"There aren't any new El Caminos and the world don't "need" more cars. If the "world" wants a practical pickup, this would feed the niche."

        How, pray tell, do you consider a 2 seat car with a light weight frame & a big V-8 practical? The El Camino died in the U.S. years ago for good reason. This would only fill a niche for someone nostalgic about the El Camino.

        GM needs to leave this one to the Aussies & concentrate on improving their image here. Look how well the SSR sold. This my friend, would be another SSR.
        • 7 Years Ago
        Hi Hilly. In North America few need a workhorse. It's mostly for show that people buy the big pickup truck. The many that need a pickup for light duty, will "hopefully" buy the ute. I recall seeing these trucks in Australia in the early eighties. I understood the practicality and glad to see you haven't gone for "show only". Perhaps the American public will too.
      • 7 Years Ago
      Our currency is dropping like a rock, and it makes all imported goods more expensive.

      The weak US dollar is the reason the Saturn Astra imported from Belgium will not make a profit no matter how many units GM sells. It's also the reason the Pontiac G8 will not have a high profit margin. Like this news says, the US currency situation will likely kill future Holden exports.

      GM's other option is tooling US plants to assemble these models like it has the new Saturn Vue. The new Vue is based on a Daewoo and virtually the same as the Opel counterpart assembled and sold in Europe. GM could do this with Holden cars as well. Despite that put me in the camp that doesn't want to see a Holden with GM US switchgear, radio headunits and other parts in it.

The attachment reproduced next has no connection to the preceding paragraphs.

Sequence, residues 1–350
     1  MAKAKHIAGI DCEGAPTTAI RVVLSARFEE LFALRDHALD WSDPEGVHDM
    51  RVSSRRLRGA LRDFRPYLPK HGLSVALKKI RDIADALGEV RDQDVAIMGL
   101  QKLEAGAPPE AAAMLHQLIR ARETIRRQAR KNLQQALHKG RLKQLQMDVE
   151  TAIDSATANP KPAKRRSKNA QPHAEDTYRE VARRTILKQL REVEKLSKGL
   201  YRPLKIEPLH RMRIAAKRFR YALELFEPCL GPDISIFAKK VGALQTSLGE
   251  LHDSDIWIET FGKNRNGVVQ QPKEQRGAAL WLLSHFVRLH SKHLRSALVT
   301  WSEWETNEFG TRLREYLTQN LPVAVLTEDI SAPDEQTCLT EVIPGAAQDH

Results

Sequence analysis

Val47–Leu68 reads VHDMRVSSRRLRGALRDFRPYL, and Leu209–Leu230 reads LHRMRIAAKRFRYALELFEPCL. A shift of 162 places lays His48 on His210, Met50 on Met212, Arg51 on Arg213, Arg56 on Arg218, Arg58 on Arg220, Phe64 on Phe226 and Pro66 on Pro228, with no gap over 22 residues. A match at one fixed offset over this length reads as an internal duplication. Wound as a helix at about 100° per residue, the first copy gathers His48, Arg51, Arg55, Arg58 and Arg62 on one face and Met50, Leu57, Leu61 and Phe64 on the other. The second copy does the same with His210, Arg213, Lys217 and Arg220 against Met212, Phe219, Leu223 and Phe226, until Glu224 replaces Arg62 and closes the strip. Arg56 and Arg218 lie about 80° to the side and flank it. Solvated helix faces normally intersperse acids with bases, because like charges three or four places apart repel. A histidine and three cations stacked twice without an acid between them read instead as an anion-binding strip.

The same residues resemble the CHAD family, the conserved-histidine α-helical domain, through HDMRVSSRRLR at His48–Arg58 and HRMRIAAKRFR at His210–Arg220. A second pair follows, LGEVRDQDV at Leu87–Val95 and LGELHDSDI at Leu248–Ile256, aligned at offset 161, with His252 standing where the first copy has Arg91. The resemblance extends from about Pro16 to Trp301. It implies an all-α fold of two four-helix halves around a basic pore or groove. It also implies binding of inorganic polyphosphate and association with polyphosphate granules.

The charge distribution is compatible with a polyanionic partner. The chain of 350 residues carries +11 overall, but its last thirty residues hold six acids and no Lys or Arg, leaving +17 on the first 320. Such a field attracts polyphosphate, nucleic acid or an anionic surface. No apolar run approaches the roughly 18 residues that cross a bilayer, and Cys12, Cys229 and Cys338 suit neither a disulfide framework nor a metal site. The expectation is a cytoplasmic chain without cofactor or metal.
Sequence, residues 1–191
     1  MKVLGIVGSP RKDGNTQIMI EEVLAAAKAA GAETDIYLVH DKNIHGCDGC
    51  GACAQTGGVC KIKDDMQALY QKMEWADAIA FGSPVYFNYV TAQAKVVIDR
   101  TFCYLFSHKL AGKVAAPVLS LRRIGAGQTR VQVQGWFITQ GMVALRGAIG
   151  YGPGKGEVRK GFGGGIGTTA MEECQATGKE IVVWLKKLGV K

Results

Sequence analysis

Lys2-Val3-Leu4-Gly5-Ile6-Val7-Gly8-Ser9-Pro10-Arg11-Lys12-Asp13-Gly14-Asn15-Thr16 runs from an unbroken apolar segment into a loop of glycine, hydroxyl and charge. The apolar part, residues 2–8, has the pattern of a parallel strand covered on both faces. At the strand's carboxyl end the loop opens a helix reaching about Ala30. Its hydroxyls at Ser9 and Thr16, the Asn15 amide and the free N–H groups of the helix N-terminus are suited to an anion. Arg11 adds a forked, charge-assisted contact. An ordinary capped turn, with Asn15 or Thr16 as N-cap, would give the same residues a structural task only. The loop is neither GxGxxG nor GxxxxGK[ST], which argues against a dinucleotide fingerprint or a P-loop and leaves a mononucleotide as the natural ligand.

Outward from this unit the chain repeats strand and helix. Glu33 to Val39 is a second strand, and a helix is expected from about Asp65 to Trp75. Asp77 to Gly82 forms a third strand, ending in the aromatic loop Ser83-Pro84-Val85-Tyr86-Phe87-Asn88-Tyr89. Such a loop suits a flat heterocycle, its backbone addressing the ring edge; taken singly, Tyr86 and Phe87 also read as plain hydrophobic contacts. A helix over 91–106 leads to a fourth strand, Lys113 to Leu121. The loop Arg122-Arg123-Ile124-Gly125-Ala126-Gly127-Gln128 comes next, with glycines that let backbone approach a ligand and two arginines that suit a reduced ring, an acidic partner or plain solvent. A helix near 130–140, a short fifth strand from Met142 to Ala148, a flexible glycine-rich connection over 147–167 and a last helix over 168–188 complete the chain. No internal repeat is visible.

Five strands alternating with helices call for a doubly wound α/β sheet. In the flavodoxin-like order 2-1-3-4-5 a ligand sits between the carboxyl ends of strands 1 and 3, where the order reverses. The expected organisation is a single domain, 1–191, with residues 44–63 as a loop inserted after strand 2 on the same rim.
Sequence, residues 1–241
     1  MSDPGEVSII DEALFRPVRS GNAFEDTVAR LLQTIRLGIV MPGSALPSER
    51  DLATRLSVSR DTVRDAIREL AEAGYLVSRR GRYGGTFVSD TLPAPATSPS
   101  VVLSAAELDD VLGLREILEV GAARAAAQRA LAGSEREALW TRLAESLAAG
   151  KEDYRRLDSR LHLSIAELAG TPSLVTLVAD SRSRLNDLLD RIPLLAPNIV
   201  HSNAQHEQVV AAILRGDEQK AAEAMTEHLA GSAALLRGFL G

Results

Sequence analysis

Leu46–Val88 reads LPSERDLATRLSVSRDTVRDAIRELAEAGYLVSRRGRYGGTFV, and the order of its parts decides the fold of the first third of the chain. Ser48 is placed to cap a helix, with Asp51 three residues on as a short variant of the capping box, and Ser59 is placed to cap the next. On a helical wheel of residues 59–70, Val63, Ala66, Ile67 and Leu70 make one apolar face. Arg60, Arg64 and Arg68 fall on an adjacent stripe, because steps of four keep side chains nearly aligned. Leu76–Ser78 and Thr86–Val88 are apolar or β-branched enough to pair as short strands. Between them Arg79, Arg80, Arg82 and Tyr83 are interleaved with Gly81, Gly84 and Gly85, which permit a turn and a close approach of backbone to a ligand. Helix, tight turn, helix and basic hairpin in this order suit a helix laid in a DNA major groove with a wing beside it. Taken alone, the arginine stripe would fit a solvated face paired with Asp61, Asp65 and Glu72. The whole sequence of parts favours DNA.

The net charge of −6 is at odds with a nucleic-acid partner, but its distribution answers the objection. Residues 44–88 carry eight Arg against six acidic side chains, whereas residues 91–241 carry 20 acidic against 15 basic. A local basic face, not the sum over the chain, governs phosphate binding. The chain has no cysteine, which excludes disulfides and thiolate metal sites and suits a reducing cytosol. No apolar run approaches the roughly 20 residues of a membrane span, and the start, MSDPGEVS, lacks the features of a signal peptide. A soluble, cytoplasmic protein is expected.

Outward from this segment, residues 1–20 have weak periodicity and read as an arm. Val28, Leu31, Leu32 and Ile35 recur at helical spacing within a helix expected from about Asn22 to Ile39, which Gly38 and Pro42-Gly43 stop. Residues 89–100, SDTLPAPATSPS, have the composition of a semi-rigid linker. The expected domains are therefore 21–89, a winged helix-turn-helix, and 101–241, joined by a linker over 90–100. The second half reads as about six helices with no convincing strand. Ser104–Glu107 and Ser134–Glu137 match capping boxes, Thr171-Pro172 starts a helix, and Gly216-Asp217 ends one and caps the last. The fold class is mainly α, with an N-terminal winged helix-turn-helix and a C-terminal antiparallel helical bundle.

The currency situation is especially bad news for Holden as they depend on exports to sustain their business. That's why exporting the new Commodore and all it's variants are vital to them and GM. If Holden cannot open more markets for their products GM will end up subsidizing that operation entirely.
        • 7 Years Ago
        If GM would get their head out of their collective a$$ and finally build a competent, reasonably-priced RWD platform in the US, they wouldn't need to worry about the cost of producing these Holdens. They'd quite likely get my dollars too.
      • 7 Years Ago
      are these utes available in canada? i swear i saw one the other day.
      • 7 Years Ago
      Leave the Ute down under. The world doesn't need another El Camino.
      • 7 Years Ago
      500, the upcoming Camaro is built off the new Holden Commodore/Ute's structure and is being produced in a North American plant. They're also going to make a new Impala out of it as well and produce it here.

      That doesn't actually mean they will look or drive like a Holden though. Keep in mind GM produces the Malibu, G6 and Aura off the guts of the Opel Vectra here but none of them really look or drive like the Vectra they asseemble in Europe.